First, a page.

INDIANAPOLIS | Griffith is halfway toward winning legislative permission to hold a referendum on whether to leave Calumet Township and join another Lake County township.
The Indiana House on Tuesday voted 66-32 for House Bill 1585, which sets up a path for Griffith to achieve its goal of reclaiming the millions of tax dollars it pays to Calumet Township every year but for which its residents receive just thousands of dollars in poor relief.
"They just want to pay a reasonable amount of tax, and I would venture to say that if they thought that money was being judiciously spent we wouldn't be having this conversation," said state Rep. Hal Slager, R-Schererville, sponsor of the legislation.
Slager told the House of a recent investigation by The Times that found Calumet Township spent $45 million over 10 years on administration to distribute $64 million in poor relief, the highest proportion of any Indiana township.
Calumet Township board members also earn $25,000 a year to attend a few meetings, compared to the state norm of about $500. Eight township employees have take-home cars, he said.
"Sometimes bold action is required," Slager said. "This vote is about good government and empowering a community to shop for something better."
The Northwest Indiana House delegation split on the vote, with six region representatives voting "yes" for Griffith and seven voting "no" to preserve Calumet Township, which also includes parts of Gary, Lake Station and unincorporated Lake County.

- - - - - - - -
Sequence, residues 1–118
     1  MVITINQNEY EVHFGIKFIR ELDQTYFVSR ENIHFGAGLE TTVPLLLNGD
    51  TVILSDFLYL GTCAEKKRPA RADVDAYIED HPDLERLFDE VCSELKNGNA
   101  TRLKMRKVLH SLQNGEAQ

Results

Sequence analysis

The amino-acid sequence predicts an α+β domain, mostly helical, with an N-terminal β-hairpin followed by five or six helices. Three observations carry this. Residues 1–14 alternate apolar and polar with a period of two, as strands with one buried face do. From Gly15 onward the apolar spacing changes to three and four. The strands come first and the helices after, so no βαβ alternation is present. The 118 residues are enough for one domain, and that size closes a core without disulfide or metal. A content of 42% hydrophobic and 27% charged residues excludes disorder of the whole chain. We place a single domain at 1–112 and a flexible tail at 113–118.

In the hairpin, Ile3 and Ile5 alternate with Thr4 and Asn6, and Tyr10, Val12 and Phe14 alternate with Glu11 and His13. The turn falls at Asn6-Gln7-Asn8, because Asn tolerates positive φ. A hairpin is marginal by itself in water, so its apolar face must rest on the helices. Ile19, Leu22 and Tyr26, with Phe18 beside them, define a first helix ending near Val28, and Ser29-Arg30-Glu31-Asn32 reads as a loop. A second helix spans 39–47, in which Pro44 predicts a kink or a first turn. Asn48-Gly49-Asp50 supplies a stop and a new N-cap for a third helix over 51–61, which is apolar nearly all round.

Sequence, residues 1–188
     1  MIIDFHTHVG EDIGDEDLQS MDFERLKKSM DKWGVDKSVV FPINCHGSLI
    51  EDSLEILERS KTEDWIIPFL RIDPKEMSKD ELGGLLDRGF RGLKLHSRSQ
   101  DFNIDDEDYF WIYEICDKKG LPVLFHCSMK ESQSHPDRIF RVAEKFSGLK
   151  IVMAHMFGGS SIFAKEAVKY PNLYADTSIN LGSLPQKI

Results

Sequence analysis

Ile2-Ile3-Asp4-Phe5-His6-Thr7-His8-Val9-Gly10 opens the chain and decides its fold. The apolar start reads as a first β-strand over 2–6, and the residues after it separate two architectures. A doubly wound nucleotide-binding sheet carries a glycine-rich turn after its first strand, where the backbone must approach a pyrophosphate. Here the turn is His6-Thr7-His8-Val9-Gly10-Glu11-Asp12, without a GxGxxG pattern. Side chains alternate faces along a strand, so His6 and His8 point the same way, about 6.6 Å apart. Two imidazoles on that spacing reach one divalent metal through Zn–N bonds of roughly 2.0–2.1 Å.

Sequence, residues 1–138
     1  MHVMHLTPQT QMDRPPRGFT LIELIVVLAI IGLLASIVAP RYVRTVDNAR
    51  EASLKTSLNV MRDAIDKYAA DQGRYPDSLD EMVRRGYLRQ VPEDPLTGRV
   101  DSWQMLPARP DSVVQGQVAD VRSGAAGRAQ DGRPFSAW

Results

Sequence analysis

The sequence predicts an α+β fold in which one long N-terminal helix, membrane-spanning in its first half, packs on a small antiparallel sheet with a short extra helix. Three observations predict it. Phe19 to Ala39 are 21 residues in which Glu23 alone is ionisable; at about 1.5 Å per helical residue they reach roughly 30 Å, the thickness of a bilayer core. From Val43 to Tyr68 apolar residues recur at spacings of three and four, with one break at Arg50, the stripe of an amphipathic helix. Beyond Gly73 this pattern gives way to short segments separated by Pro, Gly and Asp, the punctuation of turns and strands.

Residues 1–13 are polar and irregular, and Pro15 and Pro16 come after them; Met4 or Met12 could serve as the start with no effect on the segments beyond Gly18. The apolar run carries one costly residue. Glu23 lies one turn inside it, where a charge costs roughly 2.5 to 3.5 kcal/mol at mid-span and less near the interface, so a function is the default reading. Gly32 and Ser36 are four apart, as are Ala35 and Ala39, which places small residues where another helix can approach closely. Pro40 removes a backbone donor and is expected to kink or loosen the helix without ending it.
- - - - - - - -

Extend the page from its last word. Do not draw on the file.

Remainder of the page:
Two of the "no" votes, state Reps. Charlie Brown, D-Gary, and Linda Lawson, D-Hammond, both said allowing Griffith to leave the township would set a dangerous precedent and devastate Gary.
"This is a community in the state of Indiana that is poorer than any other community," Lawson said. "They have the lowest income, they have high unemployment and I'm speaking for those people — they're poor and they need our help."
Brown and state Rep. Vernon Smith, D-Gary, who also voted "no," said that at every level of government taxpayers rarely get back what they pay into the system.
"That is what this whole society is based on, that we contribute to the whole and hopefully we get less back than we give up," Smith said.
But state Rep. Mara Candelaria Reardon, D-Munster, the only region Democrat who voted "yes," said Griffith taxpayers are being forced to pay much more than their fair share.
"Nobody wants to see people suffer, but the town of Griffith is bearing the burden of carrying township poor relief, and it's not fair to them to have to pay 15 times the state average," Candelaria Reardon said. "The citizens of Griffith deserve to spend some of their tax money in their own town."
The legislation now advances to the Senate, where similar House-approved legislation to aid Griffith died in 2011 at the hands of state Sen. Earline Rogers, D-Gary.
Rogers said Tuesday that she will do what she can to make that happen again.
"I am just am in opposition to a town being able to secede and join another township," Rogers said. "I think we can do a better job of finding a solution that will be amenable to both sides."
State Sen. Brandt Hershman, R-Buck Creek, who led a summer study committee hearing on the Griffith-Calumet Township issue, is Senate sponsor of the legislation.